China’s Civil Aviation Administration re;eased its latest (13th) five year plan on February 3. In this plan there are five areas of focus:
- sustained safety of civil aviation,
- building a national integrated airport system,
- comprehensively improving aviation service capability,
- strengthening support and service quality of air traffic management and
- speeding up transition through reform and innovation.
Of these items some caught our eye. For example, “The second target is to enhance the strategic role of civil aviation to continuously raise its contribution to the national economy and further increase the proportion of air transport in the integrated transport system”. Then there was this: “The third target is to comprehensively enhance the support capability of civil aviation. A well-planned and efficient airport network consisting of about 260 transport airports will be built.”
These issues are of special interest in light of something CAAC announced last year called Rule 96. Details are… Continue reading
AIR (AirInsightResearch) released its new forecast of the commercial aviation market to 2030. This analysis consists of a 32 page document with 37 charts highlighting the current and forecast market for the major aircraft OEMs (Airbus, ATR, Boeing, Bombardier, COMAC, EMBRAER, Mitsubishi, UAC). Continue reading
News from Russia today must be music to the corporate ears at UAC. After the recent tragic crash on Christmas day, we were not alone in thinking the Russian Air Force’s fleet of TU-154s were a cause for concern. The Defense Ministry and UAC are in talks.
The challenge as explained in the link above is that only some 20 aircraft need to be replaced. These aircraft need to make use of military airports that do not always have long, paved and clean runways. Take a look at this as an example. As suggested, these requirements might limit use of the SSJ100 which otherwise would be a natural place to start. Even the older, but readily available TU-214 likely will also be constrained by some military airports.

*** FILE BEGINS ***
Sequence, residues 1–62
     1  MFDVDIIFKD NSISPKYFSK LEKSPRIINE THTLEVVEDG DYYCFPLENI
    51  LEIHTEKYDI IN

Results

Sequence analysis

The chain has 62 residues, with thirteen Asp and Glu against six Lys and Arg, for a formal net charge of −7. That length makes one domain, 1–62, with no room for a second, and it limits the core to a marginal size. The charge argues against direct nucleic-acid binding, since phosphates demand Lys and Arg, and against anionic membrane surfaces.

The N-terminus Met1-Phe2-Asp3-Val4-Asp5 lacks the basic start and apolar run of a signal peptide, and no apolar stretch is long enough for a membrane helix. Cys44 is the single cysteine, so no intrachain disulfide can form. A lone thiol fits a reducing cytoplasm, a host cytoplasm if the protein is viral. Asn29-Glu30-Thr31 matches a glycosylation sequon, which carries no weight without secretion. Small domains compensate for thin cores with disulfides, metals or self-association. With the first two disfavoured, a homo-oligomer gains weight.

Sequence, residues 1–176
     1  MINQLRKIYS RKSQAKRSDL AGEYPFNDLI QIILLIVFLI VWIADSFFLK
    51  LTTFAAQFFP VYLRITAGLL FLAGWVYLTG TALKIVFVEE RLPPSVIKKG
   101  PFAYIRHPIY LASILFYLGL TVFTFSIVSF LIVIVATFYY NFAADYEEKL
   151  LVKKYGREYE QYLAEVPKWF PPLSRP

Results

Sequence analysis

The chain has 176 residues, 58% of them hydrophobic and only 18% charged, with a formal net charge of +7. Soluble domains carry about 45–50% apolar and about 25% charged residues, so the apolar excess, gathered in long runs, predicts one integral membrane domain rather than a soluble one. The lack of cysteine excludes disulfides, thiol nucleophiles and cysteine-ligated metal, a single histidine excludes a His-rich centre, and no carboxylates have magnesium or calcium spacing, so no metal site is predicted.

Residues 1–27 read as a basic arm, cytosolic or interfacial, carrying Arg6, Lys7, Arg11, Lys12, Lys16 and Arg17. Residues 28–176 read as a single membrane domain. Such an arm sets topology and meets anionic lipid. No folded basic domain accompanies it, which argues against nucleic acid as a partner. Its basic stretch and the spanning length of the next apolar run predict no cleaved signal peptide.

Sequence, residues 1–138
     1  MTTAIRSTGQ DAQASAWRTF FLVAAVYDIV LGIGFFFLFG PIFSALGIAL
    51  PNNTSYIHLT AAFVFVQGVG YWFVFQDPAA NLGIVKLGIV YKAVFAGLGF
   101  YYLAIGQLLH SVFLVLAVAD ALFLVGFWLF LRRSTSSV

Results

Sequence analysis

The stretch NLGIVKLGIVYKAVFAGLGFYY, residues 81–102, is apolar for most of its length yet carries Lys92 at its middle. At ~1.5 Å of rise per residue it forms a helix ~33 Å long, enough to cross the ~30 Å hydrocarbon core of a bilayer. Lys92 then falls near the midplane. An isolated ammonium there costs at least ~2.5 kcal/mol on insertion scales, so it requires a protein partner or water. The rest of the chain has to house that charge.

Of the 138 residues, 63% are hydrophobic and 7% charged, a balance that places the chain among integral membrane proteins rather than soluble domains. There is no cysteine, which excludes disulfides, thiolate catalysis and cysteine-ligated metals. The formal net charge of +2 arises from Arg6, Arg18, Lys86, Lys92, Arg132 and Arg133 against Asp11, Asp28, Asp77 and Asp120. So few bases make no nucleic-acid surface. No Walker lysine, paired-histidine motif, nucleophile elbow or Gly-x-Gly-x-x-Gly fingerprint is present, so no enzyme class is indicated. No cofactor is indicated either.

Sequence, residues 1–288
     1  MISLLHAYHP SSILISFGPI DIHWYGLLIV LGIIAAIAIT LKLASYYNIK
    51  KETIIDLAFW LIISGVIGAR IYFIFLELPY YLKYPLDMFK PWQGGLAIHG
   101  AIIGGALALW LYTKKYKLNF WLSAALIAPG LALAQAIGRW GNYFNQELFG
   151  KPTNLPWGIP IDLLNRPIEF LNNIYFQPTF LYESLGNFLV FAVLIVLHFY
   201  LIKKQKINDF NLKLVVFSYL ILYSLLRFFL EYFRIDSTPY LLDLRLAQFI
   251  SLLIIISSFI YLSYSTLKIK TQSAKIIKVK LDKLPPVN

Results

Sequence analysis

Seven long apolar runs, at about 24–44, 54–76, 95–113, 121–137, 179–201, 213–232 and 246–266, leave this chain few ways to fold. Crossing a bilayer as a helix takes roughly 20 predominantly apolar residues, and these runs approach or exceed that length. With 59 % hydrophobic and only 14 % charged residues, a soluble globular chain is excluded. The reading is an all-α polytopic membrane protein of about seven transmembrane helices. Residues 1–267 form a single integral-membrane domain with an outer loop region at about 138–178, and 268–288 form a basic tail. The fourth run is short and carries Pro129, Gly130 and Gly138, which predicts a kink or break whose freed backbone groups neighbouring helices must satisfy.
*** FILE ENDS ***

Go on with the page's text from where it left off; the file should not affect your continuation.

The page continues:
Since the options are few, it seems that the Russian government will have to end up deploying a mix of the TU-214 and… Continue reading
A report from Russia suggests that testing at TsAGI is being delayed because of missing parts (“shortfall of structural elements”) for the test vehicle. It seems the missing parts come from AeroComposite – Ulyanovsk and are being shipped by truck. The parts apparently were meant to be shipped on October 25. The distance from Ulyanovsk to Moscow, where TsAGI is based is about 550 miles.
If TsAGI starts its tests late, almost certainly the first flight will be pushed back. Thinking the first flight would be coming late this year or early next year now may be unrealistic. Perhaps late spring or early summer seems more likely.
But, even so, one might consider that UAC could still have the aircraft at Paris for the 2017 summer show. That would be playing the same card as Embraer did at Farnborough this year. It is ambitious, but almost certainly there is… Continue reading
Russia’s next big aircraft program after the SuperJet is the mid-sized MC-21. Seating up to 211, the MC-21 is seen as a competitor to the Airbus A320 and Boeing 737. Although a technically promising aircraft, market realities make the program hard to move forward.
It seems the development cost of the program is similar to that of western programs. But the reality of Russian/Western politics is making the financials a lot more difficult to work out. UAC, and its IRKUT subsidiary, are becoming creative.
Russian business daily Vedomosti reports that the Russian Ministry of Commerce and UAC, together with leasing companies, and the Russian Ministry of Economic Development are discussing government support for the MC-21 program. They would commit 20bn Rub ($320m at current rates) until 2020 according to three different sources. But this scheme depends on many variables such as the commercial plan and leasing rates during a… Continue reading